Diana Peterfreund’s Morning Glory is the novelization of the movie of the same name, written for the big screen by Aline Brosh McKenna. It’s obvious from the start that Peterfreund, a successful novelist, is working within someone else’s parameters — and that’s what makes this one so tough to review. As Erin at Lit Snit so articulately asked, “Where does one person’s creation end and another’s begin?” Basically, this wasn’t originally Peterfreund’s story or characters — so can we really evaluate her?

The premise of Morning Glory appealed to me on one serious level: my sister, a video journalist, worked as a production assistant for a major news network in Washington, D.C., this summer. For several glorious (and painful) months, Katie regaled my family with tales from behind the scenes — and we came to both laugh and shake our heads at the whole “production” of news. My dad is a longtime reporter and sportswriter; I’m an editor and columnist. The media is the family business, if you will. And since Kate and I have been dying to see the film since first getting a glimpse of the preview, I figured I should check out the book.

Summing up my feelings on this one as succinctly as possible, I’ll say this: it was entertaining and quick, but lacked any real depth — emotional or otherwise. As much as I knew I should be in Becky’s corner, rooting her on against the big wigs at IBS, I never connected with her enough to stand in her cheering section. She didn’t feel like a friend — or even  a coworker. She felt like a distant acquaintance of my sister’s at Channel 9, someone about whom I’ve heard funny anecdotes but never actually met.

It wasn’t hard to believe her only recent dates had ended in complete disaster — after all, the woman lives on her BlackBerry. As addicted as I am to checking my smartphone, who interrupts a man on their first date so she can take a series of phone calls? Answer: a very busy, addicted woman. I loved Becky’s dedication to her job and admired her tenacity, but it was pretty clear that girlfriend had some serious issues with just letting go and cutting loose now and then. Her work was literally her life. After getting up at 1:30 a.m. for a decade, she didn’t know any other way. And I wanted Adam, her love interest, to show her that way .  .  . but she didn’t want to let him. It was a hot mess.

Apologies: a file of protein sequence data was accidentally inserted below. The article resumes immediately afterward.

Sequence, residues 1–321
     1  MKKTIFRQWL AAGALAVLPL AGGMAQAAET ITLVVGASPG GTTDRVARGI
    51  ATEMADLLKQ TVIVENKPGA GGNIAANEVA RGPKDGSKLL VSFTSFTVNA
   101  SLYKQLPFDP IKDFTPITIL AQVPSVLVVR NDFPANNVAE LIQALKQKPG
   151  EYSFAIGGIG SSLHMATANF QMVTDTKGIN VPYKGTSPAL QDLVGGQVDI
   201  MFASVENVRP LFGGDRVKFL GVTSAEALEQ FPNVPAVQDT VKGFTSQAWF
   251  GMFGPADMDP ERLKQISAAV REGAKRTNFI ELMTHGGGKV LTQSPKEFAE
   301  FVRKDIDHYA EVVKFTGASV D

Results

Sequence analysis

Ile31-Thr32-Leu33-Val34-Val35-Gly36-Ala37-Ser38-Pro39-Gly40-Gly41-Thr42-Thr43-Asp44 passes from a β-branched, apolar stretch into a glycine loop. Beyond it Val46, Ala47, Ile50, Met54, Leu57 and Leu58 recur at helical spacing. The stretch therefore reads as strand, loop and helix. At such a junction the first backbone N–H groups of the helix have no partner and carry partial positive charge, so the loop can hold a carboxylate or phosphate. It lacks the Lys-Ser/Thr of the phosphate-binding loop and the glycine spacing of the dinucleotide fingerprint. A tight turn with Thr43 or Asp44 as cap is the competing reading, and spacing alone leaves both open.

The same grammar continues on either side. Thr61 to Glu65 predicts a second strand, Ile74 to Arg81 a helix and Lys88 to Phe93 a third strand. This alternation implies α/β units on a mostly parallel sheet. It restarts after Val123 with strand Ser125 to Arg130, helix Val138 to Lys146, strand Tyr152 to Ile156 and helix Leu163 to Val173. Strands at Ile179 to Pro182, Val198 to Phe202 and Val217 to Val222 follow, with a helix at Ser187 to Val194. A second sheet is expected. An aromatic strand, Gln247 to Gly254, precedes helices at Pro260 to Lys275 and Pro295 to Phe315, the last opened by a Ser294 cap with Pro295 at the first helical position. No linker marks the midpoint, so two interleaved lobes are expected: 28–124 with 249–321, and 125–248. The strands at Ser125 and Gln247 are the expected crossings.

Still, this wasn’t a terrible read — and the message was pretty clear: don’t let work become overwhelm you and become your everything. Because at the end of the day? You’re not going to be growing old with your boss, health insurance plan or vacation days. (And if you are? Well, that’s another issue entirely.) Is that something we’ve heard and read before? Sure. Was it told in a unique way here? Not really. But even with that being the case, I enjoyed Morning Glory and can’t wait to see the film. It’s in theatres Nov. 10 — check out the trailer! (Rachel McAdams is awesome!)

3 out of 5!

ISBN: 0345523938 ♥ GoodreadsLibraryThingAmazonAuthor Website
Personal copy purchased by Meg after reading Lit Snit’s review